Reading a baboon’s mind affords an excellent grasp of the dynamics of baboon society. But more than that, it bears on the evolution of the human mind and the nature of human existence. As Darwin jotted down in a notebook of 1838, “He who understands baboon would do more towards metaphysics than Locke.”The article mainly talks about research conducted by Dorothy Cheney & Robert Seyfarth. Here is an example of their experiment and what we can learn from it:
In some of their playback experiments, Dr. Cheney and Dr. Seyfarth have tested baboons’ knowledge of where everyone stands in the hierarchy. In a typical interaction, a dominant baboon gives a threat grunt, and its inferior screams. From their library of recorded baboon sounds, the researchers can fabricate a sequence in which an inferior baboon’s threat grunt is followed by a superior’s scream.And a possible answer to this may also have consequences for theories of origin of religion (more on it below):
Baboons pay little attention when a normal interaction is played to them but show surprise when they hear the fabricated sequence implying their social world has been turned upside down.
This simple reaction says a lot about what is going in the baboon’s mind. That the animal can construe “A dominates B,” and distinguish it from “B dominates A,” means it must be able to break a stream of sounds down into separate elements, recognize the meaning of each, and combine the meanings into a sentence-like thought.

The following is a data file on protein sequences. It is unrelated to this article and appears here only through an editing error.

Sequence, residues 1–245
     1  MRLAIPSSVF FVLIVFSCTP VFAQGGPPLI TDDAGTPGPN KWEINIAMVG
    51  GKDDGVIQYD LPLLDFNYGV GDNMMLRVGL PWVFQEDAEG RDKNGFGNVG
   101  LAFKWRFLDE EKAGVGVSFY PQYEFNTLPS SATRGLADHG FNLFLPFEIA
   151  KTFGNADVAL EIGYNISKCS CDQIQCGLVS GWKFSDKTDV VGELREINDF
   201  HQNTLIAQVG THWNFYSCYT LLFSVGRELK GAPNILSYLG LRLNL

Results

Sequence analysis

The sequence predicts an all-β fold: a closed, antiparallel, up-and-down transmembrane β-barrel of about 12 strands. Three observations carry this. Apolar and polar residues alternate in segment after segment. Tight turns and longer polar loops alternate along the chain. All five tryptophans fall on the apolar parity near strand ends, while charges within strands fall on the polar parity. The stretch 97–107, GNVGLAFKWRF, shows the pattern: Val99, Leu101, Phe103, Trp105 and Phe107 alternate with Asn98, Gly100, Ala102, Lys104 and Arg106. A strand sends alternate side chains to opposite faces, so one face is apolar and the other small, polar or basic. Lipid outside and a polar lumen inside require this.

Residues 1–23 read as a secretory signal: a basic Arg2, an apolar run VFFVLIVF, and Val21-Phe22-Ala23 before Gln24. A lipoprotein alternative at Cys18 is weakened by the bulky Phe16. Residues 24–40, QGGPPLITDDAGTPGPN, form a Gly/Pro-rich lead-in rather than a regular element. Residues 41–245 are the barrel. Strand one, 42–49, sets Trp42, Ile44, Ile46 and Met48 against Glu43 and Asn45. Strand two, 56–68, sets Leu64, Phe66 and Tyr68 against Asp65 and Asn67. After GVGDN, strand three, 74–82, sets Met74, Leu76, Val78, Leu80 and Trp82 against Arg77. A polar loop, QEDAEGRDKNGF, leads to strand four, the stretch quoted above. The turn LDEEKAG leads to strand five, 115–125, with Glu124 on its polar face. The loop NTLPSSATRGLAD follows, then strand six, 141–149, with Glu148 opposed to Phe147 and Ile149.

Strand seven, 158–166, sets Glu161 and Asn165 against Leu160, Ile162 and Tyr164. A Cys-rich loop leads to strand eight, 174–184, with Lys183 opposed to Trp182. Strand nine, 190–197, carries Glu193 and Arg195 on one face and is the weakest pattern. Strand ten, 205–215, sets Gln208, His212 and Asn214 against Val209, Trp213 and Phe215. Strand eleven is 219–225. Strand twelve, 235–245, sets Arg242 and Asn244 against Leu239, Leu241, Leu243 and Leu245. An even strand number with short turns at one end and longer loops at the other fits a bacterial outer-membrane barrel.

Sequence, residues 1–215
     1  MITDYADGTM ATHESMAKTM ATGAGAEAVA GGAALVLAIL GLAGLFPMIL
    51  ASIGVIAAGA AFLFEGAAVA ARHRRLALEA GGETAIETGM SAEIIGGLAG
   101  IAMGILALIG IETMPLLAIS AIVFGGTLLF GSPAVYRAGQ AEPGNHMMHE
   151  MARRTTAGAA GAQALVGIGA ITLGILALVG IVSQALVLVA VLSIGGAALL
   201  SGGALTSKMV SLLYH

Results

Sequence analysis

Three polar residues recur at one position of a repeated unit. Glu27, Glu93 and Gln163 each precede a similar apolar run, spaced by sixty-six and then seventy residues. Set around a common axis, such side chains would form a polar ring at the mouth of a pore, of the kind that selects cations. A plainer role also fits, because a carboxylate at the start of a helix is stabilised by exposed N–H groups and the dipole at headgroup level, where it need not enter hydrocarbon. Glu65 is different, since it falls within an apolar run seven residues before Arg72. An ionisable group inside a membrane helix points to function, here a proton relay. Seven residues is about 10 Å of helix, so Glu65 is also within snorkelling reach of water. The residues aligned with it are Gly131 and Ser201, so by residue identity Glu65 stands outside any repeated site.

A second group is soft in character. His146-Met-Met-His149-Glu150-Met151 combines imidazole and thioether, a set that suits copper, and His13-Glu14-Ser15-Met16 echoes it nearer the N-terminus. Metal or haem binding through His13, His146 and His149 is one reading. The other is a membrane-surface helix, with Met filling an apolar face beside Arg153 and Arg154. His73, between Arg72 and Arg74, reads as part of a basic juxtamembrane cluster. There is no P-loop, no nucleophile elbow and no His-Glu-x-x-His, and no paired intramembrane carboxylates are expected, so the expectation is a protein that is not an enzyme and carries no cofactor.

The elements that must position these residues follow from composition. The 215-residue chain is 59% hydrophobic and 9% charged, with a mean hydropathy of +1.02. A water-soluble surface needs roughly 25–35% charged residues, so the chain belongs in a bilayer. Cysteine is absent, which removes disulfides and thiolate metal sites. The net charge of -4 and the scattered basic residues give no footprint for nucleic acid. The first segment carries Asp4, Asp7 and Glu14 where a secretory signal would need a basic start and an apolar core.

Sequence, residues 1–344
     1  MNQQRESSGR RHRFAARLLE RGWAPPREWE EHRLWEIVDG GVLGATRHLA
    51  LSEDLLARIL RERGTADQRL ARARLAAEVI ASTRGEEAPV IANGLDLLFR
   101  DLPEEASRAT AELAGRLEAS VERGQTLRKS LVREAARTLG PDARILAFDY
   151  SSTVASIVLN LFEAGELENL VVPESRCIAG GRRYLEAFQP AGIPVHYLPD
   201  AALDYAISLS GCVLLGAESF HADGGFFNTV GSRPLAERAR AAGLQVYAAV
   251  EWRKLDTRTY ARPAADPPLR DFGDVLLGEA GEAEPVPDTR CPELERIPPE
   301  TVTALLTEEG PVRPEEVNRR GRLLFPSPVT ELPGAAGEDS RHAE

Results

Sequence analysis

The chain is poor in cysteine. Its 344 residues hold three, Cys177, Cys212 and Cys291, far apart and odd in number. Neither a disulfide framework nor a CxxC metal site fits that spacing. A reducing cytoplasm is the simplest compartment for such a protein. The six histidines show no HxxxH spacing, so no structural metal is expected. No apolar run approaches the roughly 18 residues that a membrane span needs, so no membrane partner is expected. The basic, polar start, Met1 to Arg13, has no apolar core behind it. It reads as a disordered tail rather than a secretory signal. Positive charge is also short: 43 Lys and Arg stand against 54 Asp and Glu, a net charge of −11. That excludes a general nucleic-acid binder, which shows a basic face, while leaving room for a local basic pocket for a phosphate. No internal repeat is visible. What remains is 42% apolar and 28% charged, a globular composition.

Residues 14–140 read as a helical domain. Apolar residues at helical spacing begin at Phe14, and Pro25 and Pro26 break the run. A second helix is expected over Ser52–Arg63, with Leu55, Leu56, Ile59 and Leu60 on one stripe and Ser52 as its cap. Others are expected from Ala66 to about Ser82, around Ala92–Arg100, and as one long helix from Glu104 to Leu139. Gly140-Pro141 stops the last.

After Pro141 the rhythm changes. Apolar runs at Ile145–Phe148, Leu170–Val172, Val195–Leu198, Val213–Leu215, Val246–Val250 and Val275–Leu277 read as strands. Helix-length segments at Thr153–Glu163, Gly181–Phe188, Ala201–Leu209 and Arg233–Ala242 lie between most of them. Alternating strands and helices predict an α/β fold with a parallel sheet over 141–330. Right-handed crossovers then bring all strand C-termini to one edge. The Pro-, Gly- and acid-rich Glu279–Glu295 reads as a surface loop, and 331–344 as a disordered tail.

“That’s what we do when we parse a sentence,” Dr. Seyfarth said. Human language seems unique because no other species is capable of anything like speech. But when it comes to perceiving and deconstructing sounds, as opposed to making them, baboons’ ability seems much more language-like.
Assuming that early humans inherited the same ability from their joint ancestor with baboons, then when humans first started to combine sounds in the beginning of spoken language, “their listeners were all ready to perceive them,” Dr. Seyfarth said.
Baboons may be good at perceiving and thinking in a combinative way, but their vocal output consists of single sounds that are never combined, like greeting grunts, the females’ sexual whoop and the males’ competitive “wahoo!” cry. Why did language, expressed in combinations of sounds, evolve in humans but not in baboons?
This theory of mind may also be responsible for our thoughts regarding the supernatural and beginning of religion. A few months back New York Times Magazine had a fantastic article on the science of religion, tiled Darwin's God. Here is a brief discussion on theory of mind in relation to religion from that article: